My experience with these type ships and their bridge steering and engine control ran from 1996 until 2012 during which I piloted probably fifty of them through a long night of acoustic signature trials at speeds from 5 to 30 knots running 200 yards from a moored 180-foot acoustic support vessel. We always got the ship for these trials after a couple of days of intense exercises, meaning the senior leadership had been up for 24 or even more hours straight.
Each ship had its own take on how to handle the situation. On some, the best helmsmen were used along with the best conning officers. On others there was a mix of nuggets and experienced hands. On some the CO or XO would remain on the bridge all night, usually asleep in their "big shot chairs," while on many, after an hour or two, I was left to run the show with the OOD and conning officer making the runs I ordered following the minute course and speed corrections I issued from my observation of my laptop support vessel tracking program while they maintained their own required navigation plot and situational awareness of other ships and aircraft.
We never shifted steering control but did occasionally shift throttle control to another mode when I needed it (this was part of what the CO of the McCain was trying to get done). I think in all that time (1996 to 2012), one ship had a steering casualty which was quickly corrected. We pulled off the range and wrung the system out for a bit before resuming. My pre-exercise briefing directions to the OOD in the event of loss of steering while inbound on a run were that my control of the ship immediately ceased and to immediately use extreme propulsion measures and any steering available to turn away from the support vessel.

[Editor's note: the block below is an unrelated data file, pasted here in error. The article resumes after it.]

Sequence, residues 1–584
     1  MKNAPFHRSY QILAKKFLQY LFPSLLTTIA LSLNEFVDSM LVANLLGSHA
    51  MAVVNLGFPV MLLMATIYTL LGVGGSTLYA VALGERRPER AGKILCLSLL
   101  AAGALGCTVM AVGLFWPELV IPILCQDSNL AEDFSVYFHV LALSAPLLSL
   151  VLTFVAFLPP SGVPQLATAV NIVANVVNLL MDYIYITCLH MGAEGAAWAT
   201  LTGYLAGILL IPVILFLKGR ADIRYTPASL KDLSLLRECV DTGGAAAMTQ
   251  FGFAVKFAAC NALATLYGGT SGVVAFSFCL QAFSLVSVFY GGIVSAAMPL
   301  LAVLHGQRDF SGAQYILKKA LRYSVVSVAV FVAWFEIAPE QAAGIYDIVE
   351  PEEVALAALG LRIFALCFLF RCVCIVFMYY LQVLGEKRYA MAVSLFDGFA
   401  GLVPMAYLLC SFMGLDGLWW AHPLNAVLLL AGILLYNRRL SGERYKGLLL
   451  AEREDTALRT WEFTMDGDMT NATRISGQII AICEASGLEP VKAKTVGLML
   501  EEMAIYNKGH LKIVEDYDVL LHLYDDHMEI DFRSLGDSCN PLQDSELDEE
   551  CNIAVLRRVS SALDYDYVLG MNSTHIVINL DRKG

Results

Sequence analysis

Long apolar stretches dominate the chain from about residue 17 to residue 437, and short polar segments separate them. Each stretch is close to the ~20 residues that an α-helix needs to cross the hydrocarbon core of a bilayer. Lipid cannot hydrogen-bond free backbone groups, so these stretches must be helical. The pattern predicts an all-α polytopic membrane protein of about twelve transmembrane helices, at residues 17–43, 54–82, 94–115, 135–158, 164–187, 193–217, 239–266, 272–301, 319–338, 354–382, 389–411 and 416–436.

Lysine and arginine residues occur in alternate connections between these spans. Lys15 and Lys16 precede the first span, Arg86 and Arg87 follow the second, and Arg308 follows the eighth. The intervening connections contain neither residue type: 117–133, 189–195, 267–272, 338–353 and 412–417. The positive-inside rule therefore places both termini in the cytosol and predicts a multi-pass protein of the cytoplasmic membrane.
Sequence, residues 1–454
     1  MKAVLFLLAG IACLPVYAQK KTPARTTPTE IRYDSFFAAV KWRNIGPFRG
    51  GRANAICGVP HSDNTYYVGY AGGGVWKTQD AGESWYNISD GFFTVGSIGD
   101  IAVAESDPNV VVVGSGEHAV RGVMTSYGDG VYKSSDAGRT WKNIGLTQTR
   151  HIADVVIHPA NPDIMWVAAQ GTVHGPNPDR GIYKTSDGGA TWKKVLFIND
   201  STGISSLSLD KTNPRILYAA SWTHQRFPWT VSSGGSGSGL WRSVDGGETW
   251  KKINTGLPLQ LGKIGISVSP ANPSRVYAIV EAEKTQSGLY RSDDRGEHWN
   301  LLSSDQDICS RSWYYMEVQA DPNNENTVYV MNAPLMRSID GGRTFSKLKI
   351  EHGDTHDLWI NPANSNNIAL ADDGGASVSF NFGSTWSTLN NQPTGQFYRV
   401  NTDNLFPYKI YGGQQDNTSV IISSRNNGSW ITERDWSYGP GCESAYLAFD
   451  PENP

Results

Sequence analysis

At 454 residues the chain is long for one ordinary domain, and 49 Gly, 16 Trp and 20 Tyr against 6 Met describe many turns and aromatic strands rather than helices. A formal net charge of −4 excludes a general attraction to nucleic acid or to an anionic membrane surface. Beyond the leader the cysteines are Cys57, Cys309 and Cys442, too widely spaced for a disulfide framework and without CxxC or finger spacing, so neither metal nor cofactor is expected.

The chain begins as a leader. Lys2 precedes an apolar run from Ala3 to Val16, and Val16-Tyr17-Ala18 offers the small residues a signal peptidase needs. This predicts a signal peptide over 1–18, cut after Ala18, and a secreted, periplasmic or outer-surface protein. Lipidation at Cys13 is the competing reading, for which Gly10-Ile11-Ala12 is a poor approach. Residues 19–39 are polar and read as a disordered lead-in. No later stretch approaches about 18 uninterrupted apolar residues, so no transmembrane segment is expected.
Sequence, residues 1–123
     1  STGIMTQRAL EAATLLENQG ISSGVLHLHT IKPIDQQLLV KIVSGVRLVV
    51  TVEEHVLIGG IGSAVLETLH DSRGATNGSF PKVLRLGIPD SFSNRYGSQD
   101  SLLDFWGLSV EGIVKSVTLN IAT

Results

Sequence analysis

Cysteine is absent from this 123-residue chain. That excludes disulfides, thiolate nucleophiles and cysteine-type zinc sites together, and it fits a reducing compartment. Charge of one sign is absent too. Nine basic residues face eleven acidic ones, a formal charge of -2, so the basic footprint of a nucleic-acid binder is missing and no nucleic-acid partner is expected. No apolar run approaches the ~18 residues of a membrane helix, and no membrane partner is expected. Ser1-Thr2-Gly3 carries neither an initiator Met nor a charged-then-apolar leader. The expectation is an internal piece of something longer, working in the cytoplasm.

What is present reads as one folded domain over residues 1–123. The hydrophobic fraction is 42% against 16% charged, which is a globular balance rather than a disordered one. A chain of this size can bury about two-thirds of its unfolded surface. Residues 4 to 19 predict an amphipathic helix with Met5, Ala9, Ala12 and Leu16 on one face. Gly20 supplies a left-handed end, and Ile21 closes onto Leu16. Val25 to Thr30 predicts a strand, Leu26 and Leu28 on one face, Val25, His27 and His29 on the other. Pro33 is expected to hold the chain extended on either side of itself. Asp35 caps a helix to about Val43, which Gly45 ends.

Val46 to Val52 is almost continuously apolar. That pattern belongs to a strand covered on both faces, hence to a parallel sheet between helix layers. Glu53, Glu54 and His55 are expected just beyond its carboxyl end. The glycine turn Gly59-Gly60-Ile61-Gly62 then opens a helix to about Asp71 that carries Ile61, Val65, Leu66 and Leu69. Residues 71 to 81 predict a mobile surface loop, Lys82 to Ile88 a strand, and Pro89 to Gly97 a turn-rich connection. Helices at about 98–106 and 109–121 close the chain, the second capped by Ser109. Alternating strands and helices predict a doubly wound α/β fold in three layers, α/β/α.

In the McCain, even had they been aware of the ship about to hit them in time to do anything about it, the issuance of proper steering and engine orders would not have resulted in ship either the rudders or the engines operating as desired because nobody on the bridge knew who had control.
The Navy knows there were failures on the two civilian ships involved in these collisions, but they are not addressed in the Navy report. The Navy is not, however, trying to shift any blame.
Having served safely in a few destroyers and other type ships in the very waters in which these collisions happened with electronic equipment generations older than the amazing Aegis systems these two ships have, I am vexed that my Navy is having these problems and killing 17 Sailors in the process. I suspect there is insufficient experience in the officer ranks which results in their not knowing how to ensure their people are trained properly.
I can only console myself in the knowledge that there are a
couple hundred or so other ships and subs of the most powerful Navy in history being operated safely and professionally on a daily basis.
If you spent a career at sea and never had a close call, you are a darned liar, but experience and situational awareness and luck as a direct result of the first two will usually save you. These cases seem egregious to me in lack of either.